Interview: “Non-governmental organizations remain the vital force that drives all action towards ending violence against women”
Fabiola Laço Egro is the founder and leader of the “Today for the Future” Community Center as well as a member of National Council of Civil Society in Albania and the Monitoring Network against Gender-Based Violence. One of the most prominent civil society activists in Albania, Ms. Laço Egro shares her perspectives and lessons learned on building networks and alliances to advance the gender equality agenda, a topic which she also tackled during the Fourth Regional Forum on Ending Violence against Women in the Western Balkans and Türkiye “Integrated Policies, Inclusive Partnerships,” organized within the EU-funded regional programme on ending violence against women “Implementing Norms, Changing Minds.”
Civil society organizations (CSOs) in Albania are represented in several national advisory bodies of the Albanian government. What is achieved through CSOs’ representation in these bodies?
Albania has been able to achieve progress in combating gender-based violence not only through improving legal frameworks, gender-responsive budgeting, and provision of support but also through strengthening the collaboration and partnership with civil society organizations. Non-governmental organizations remain the vital force that drives all action and keeps governments accountable and committed to fulfilling obligations deriving from international and regional instruments and conventions on combating violence. The continuous work, especially the advocacy and activism of CSOs in Albania, is crucial for strengthening democratic governance and advancing women’s rights in the global context of pushback on gender equality and backlash toward women’s rights.
During the Regional Forum, you mentioned successful cooperation between two national networks: Monitoring Network against Gender Based Violence and PRISMA Network - Albanian network for gender-responsive budgeting. What made this partnership successful?
Through this partnership, we have been able to successfully monitor the law on social housing, law on free legal aid, and law on domestic violence. We monitored the effective implementation of legal frameworks by providing substantial data and input. With the input of 16 NGOs, we also prepared Shadow Reports for CEDAW on the implementation of recommendations addressed to Albania by the committee of the parties to the Council of Europe Convention on preventing and combating violence against women and domestic violence 2018-2020. Lastly, we have been able to prepare advocacy plans and provide recommendations.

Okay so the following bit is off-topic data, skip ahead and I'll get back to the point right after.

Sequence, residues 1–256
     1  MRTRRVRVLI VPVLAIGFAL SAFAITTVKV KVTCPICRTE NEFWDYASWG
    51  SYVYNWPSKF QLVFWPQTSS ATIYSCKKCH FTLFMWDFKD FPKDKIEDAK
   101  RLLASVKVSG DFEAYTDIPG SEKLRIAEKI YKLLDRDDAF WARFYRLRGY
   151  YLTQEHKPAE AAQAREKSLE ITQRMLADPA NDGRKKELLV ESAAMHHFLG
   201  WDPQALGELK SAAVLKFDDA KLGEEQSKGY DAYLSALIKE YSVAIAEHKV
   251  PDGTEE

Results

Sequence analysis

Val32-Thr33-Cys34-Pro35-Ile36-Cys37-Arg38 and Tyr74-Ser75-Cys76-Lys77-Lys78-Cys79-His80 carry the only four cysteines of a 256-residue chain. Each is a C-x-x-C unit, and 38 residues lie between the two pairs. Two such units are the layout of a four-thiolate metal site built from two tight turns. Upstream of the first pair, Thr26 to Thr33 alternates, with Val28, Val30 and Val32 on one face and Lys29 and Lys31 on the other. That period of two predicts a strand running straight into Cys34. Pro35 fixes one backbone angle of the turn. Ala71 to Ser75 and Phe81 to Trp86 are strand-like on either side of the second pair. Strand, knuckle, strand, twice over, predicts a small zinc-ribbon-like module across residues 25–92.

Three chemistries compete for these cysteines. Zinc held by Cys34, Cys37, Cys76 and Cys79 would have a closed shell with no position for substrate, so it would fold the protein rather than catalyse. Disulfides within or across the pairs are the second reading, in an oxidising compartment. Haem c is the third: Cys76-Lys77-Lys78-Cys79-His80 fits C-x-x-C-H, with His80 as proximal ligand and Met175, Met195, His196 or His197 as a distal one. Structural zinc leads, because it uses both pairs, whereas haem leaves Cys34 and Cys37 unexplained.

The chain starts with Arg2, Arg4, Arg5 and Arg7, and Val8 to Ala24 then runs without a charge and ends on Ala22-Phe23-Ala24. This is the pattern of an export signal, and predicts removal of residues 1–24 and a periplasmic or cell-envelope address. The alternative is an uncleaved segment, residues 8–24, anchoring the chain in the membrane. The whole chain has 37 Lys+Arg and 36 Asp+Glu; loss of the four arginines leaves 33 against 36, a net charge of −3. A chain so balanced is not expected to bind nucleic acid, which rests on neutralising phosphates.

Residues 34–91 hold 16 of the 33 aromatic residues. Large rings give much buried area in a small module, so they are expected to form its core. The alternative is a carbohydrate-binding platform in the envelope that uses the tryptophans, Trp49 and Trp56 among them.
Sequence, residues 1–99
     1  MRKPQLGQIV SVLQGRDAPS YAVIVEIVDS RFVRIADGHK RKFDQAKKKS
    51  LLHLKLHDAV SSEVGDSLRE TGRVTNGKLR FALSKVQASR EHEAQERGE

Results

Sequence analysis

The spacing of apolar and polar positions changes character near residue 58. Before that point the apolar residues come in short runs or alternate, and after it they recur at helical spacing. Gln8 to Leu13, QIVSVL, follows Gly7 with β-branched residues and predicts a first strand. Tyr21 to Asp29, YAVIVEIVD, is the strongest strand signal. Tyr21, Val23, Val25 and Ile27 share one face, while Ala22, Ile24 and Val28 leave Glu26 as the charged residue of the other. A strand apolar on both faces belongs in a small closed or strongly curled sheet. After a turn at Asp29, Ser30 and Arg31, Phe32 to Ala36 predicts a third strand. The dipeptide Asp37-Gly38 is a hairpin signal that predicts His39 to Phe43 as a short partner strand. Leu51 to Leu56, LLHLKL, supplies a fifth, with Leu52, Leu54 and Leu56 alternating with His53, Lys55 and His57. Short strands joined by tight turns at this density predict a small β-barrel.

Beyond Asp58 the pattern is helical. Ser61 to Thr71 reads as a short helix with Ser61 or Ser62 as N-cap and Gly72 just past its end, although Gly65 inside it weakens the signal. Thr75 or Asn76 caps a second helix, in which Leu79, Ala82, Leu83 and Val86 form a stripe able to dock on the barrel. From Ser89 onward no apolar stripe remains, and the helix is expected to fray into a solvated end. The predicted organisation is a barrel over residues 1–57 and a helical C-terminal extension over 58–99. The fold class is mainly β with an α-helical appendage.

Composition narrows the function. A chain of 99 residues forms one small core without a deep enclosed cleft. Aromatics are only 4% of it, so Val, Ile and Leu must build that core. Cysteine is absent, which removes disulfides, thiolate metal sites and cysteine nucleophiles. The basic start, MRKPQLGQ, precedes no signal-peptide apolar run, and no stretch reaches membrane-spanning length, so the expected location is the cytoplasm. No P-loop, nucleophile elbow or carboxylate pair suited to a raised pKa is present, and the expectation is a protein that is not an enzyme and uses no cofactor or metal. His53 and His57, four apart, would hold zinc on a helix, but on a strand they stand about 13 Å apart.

What are the main achievements of this cooperation?
Both networks provide information, data and needs assessments that serve as useful resources for directing action toward gender equality and against gender-based violence. Following PRISMA intervention in these 26 municipalities, 93 per cent of women consider social services crucial for the wellbeing of their families and themselves, and 96 per cent consider services against gender-based and domestic violence as crucial for theirs and their children’s lives and safety.
Both networks have increased their capacities and conducted joint activities in monitoring and service provision related to gender-based violence and gender equality as well in working to improve budgets for these services. Advocacy actions have been undertaken to improve these services as well their budgets.
What has PRISMA network achieved at the national and local levels, and where do you see its impact the most?
The PRISMA network is a network initiated and led by Community Development Center, “Today for the Future.” Over the last two years, it has made remarkable contributions to the participation of women and girls in participatory budgeting processes in 26 municipalities. These contributions focus on improving practices of participatory budgeting at the local level, monitoring local budget plans and priorities, and providing data and need assessments from a gender perspective.
The PRISMA network has also been working towards increasing the active participation of women and communities in participatory budgeting processes, which has led to the engagement of over 3200 women and girls from different groups.
Lastly, issues raised by women and communities have impacted the allocation of local budgets. 73 per cent of municipalities that applied gender-responsive budgeting made changes to their budget plans to reflect community concerns.
What are the main lessons learned related to collaboration within the network, between networks and participation in national bodies like the National Council on Gender Equality in Albania?
Networks are very resourceful platforms for directing action toward gender equality and fostering our plan against gender-based violence. By using this network and collaborating with each other, the capabilities and capacities to advocate for and build better services, resources, and actions toward gender equality will increase.
What do you see as the next steps moving forward to sustain the results achieved and increase gender equality in Albania?
In terms of next steps, we need to continue the measures on budgeting and costing services, which are linked with the needs of individuals and costs of living. In addition, we must focus on and continue the services on gender-based violence and gender equality and ensure these services are provided to all groups in all municipalities.
Another important step is to foster collaboration between CSOs and the government by fostering constructive dialogue based on the contributions of CSOs and making this collaboration part of the gender equality agenda.
Lastly, cross-regional cooperation and networking should be one of the focuses to foster joint action on the gender equality agenda and measures against gender-based violence in the region.